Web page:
A person sleeps on the sidewalk.
Photo courtesy of Mihály Köles/unsplash.com

It’s Tuesday, 8:30 in the morning, and I am at the VA Medical center in downtown Baltimore, and as I watch the new generation of veterans being checked in for treatment, I can’t help but notice how relieved a lot of them are to be back home again. They, of course, realize that it will be sometime before they begin to receive benefits and that they now have another war to face. A war of poverty and possibly homelessness. Many ask why people are homeless. Some of the reasons are the lack of affordable housing, loss of a job, disasters, health care issues, or in our veterans’ cases, no foundation to build upon. 

I am sure many vets did save a good amount of money while they were in the military, but it probably just wasn’t enough, and often even now, no amount of money is enough. The cost of living continues to go up and up; the Fair Housing Act needs to be enforced more vigorously; many housing lenders say they don’t discriminate, but research shows that a great majority of them do in fact discriminate in their loan making. 

Many veterans have a hard time trying to get affordable housing, even though the VA guarantees a veteran a home. The vet still has to meet certain qualifications in getting that home. So, what are the qualifications? Many people say that putting down $5,000 or so as a down payment will put you in the ballpark. But I have heard that even that amount of money often isn’t enough. 

So, I am asking just what is enough money to afford a decent place to live, and what does it take to find a well-paying job and keep that job? Is a college degree absolutely necessary? I might add that there are people with college degrees who are unemployed and homeless.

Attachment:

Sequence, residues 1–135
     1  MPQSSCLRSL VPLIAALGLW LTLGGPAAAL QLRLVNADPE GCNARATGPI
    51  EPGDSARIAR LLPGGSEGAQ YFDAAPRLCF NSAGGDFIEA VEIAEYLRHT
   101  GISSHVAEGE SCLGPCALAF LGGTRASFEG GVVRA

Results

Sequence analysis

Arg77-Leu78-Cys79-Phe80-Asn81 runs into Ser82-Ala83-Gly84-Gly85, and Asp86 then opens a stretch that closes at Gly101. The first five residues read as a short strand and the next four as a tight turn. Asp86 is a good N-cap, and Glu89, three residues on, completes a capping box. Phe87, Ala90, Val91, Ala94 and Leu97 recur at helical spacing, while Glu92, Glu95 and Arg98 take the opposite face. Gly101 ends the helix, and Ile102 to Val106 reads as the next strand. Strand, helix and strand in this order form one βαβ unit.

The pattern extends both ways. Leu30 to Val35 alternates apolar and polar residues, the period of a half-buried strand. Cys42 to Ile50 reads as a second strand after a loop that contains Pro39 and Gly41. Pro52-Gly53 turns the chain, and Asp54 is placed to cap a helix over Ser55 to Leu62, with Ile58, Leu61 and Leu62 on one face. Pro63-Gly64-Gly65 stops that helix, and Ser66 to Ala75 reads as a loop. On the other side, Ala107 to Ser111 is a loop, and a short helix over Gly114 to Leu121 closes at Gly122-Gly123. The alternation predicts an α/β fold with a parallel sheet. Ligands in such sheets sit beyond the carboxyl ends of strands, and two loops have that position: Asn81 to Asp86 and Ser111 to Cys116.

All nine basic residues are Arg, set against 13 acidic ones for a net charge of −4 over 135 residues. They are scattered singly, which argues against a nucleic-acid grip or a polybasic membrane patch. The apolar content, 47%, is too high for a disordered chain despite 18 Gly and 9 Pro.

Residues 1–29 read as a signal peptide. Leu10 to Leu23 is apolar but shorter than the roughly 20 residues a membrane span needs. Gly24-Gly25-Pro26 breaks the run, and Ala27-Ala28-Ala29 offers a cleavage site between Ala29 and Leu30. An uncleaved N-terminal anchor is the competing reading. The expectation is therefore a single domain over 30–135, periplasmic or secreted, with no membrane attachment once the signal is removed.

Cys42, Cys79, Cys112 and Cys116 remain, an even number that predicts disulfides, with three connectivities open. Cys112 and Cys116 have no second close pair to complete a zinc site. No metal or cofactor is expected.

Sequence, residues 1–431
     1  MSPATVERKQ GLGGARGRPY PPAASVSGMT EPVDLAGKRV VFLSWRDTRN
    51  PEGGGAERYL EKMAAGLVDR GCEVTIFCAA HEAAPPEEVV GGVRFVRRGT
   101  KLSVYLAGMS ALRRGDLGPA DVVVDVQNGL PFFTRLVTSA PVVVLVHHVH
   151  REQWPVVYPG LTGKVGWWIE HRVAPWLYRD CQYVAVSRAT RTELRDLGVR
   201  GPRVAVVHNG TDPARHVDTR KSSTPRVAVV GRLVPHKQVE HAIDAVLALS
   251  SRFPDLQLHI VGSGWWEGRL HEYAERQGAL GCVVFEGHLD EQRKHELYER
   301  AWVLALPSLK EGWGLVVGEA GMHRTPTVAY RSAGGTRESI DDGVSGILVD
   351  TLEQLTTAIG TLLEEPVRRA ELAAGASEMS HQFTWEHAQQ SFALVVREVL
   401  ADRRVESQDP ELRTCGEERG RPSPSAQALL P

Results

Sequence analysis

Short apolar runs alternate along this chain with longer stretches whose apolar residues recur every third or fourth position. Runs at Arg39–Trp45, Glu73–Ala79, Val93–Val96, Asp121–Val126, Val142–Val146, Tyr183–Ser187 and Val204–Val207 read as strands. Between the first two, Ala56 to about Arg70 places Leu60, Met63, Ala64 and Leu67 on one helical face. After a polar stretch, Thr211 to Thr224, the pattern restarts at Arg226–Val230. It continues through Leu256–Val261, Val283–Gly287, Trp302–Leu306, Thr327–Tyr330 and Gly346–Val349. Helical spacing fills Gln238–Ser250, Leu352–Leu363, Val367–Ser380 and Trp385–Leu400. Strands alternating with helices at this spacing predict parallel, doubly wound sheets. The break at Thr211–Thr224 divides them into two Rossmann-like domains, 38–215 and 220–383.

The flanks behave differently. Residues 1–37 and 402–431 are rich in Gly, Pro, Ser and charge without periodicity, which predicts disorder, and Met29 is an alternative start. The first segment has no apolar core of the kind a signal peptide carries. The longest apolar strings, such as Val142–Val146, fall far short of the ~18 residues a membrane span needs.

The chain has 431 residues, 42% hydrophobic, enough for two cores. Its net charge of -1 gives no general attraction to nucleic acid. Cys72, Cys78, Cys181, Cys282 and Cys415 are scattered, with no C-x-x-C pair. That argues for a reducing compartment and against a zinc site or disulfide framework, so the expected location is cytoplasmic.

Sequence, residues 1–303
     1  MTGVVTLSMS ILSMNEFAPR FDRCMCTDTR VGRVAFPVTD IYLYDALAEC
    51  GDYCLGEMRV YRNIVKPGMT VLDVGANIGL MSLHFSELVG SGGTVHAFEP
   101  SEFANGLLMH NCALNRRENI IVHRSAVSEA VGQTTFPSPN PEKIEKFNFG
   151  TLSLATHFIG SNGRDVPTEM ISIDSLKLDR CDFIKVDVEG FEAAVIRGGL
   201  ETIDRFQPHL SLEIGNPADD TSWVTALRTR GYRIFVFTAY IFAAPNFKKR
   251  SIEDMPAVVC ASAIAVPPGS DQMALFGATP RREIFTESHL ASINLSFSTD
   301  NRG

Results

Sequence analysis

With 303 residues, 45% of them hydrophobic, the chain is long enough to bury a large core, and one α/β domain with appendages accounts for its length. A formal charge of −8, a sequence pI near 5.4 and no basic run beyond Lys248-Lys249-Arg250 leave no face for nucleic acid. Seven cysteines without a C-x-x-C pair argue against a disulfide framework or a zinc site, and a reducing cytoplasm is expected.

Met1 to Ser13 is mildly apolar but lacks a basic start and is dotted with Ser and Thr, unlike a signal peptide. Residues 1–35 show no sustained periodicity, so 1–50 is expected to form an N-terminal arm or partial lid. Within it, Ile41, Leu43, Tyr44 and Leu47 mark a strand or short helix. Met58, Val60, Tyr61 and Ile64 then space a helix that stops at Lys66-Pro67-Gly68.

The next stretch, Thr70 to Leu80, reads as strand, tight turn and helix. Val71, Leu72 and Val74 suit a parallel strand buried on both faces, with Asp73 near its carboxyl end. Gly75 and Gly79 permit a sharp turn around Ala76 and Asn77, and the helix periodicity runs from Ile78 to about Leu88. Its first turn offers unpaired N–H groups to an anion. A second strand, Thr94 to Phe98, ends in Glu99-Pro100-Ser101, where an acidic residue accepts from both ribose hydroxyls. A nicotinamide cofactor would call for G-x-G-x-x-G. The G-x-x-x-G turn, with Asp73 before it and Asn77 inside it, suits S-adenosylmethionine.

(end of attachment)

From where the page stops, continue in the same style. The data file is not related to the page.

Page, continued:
So, tell me, do you really think that all that education will really make much difference? 

I am a veteran, having served in the military for 15 years, 10 years active and five years reserve. I am now formerly homeless. I own and operate my very own small business. I started my own business because it angered me to pound the pavement day after day looking for a job and getting no results in my job search. So, I decided to become my own boss. 

But as I see my fellow veterans struggle in their fight to succeed in this selfish cruel world, it hurts, it really does; to see my fellow veterans being treated the way the6y are these days, to see a homeless comrade really hurts. To see people just walk past him or her without even a simple hello, that is just downright ugly. 

OK, America, so you don’t know a certain person who passes by on the street. Allow me to ask you this question: are you afraid to get acquainted with this person or ashamed to be seen with him. The homeless are people, too, and even they have feelings. And your idea of putting the homeless in shelters and putting them out of sight in some far-off place where nobody has to be bothered with them is an inhuman way of thinking. 

In Atlanta, a person said the best way to get rid of homeless people is to kill them all. Tell me, D.C., is this the way that you feel? Tell me, Baltimore, is this the same way that you feel?  

For questions and comments on this article, please contact August Mallory, at [email protected]. Also, please listen to August on the More Betterman Show on WOL-AM 1450 for Voices from the Corner.